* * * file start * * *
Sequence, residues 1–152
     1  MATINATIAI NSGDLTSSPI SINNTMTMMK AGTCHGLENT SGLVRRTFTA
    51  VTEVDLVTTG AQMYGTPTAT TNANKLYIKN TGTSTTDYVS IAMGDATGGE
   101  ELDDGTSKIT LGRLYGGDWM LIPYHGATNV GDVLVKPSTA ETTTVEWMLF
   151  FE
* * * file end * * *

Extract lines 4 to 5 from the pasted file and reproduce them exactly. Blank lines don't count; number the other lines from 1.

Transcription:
   101  ELDDGTSKIT LGRLYGGDWM LIPYHGATNV GDVLVKPSTA ETTTVEWMLF
   151  FE